Put some spice into your Photoshop life and pick an alternate color picker! Did you know you could do that? This is a really great way to further customize the way you work in Photoshop. It’s surprisingly easy and there’s some really great color pickers available, both freeware and shareware, that make choosing beautiful, complementary color palettes a breeze. First I’m going to show you where to find these little critters, and then show you how to install my favorite one.
Hunting color pickers
If you’re using a Mac, the end-all-be-all software resource has long been VersionTracker.com. Though now it sports a “platform” option at the top right where you can also choose Windows. Just type in a keyword or software name in the search box at the top left and you’ll be presented with a neat list of options. Do a search for “color picker” and you’ll find all kinds of stuff, including Painter’s Picker. That’s the one we’re going to install today.
In the Windows world, you might also want to check shareware.com. Results are split into categories of sponsored links and download sites. Here you can also search for Mac software, though I’d be inclined to stick with VersionTracker for that. I’m old and set in my ways
Why Painter’s Picker rocks
I love this color picker because it uses a color wheel instead of swatches or a big, square blob of color. How hard is it to find colors that truly work together this way? For me, next to impossible. And apparently for lots of folks creating web sites, it’s impossible for them too! Arg. I tend to grab my battered color wheel left over from art school when choosing color schemes, though with Painter’s Picker, it’s like having a virtual color theory teacher by my side to boot.
Painter’s Picker allows you to quickly find and select any color’s complementary color, and notes which colors you should stay away from, like those that clash. Choose from five kinds of analogous schemes, five kinds of tetradic schemes, two kinds of triads, four complex complementary schemes, schemes to show colors that are warmer, cooler, lighter, or darker than any given color. Wow. This may very well surpass your color theory teacher’s skill level. You can also save color schemes for use later.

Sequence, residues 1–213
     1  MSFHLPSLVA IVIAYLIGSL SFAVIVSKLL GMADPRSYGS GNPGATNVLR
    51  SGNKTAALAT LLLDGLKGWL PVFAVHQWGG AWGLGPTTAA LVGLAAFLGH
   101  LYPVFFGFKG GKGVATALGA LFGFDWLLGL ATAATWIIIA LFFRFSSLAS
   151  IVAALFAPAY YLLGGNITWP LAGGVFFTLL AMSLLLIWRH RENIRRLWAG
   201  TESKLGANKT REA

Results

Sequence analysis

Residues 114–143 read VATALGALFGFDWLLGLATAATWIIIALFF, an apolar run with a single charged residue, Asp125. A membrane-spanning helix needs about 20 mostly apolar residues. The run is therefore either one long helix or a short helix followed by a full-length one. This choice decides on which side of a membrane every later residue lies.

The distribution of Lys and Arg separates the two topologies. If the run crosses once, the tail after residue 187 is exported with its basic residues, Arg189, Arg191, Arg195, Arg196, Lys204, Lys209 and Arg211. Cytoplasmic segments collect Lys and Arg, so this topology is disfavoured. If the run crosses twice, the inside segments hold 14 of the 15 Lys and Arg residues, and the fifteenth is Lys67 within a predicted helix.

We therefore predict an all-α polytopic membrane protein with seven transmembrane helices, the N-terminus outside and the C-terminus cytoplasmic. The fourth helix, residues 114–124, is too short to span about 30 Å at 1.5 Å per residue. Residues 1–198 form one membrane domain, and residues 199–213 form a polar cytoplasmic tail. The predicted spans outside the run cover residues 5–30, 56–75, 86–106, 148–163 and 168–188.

Making it work in Photoshop CS2
Since I’m a Mac chick, I’m going to show you how to install it into Photoshop CS2 under OS X Tiger.
Step 1: Download Painter’s Picker.
Step 2: You should see a hard drive icon appear, and a window will pop open containing a Read Me file and the color picker itself, which I’ve highlighted below.
Step 3: Pop open a Finder window and navigate to your Home folder > Library > ColorPickers. Drag the paintersPicker.colorPicker file into this folder, as shown below. If you don’t have a ColorPickers folder in your Home Library, never fear. Simply create one by pressing Command + Shift + N.
Step 4: Launch Photoshop, and choose Photoshop > Preferences > General. From the Color picker pop-up menu, choose Apple, and press OK.
Step 5: Open a document or create a new one (unless you already have something open), and click on a color chip in the Toolbox. When Apple’s color picker opens, click on the Painter’s Picker wheel at the top right, circled in red below.
That’s all there is to it! From now on, or until you change it again, you’ll have a really powerful color picking tool at your fingertips. Just grab the little handle circled below to spin the wheel and choose other colors. Click the scheme pop-up menu to choose complementary, split complementary, triadic, etc. Hover over any of those options for a quick explanation of what they mean. Play with the brightness and saturation sliders. Below I’ve chosen a blue tetradic scheme (four evenly spaced colors).
I hope this opens your eyes to some other color picker possibilities out there, and allows you to customize your Photoshop experience even more. Until next week, happy color picking!
The Graphic Reporter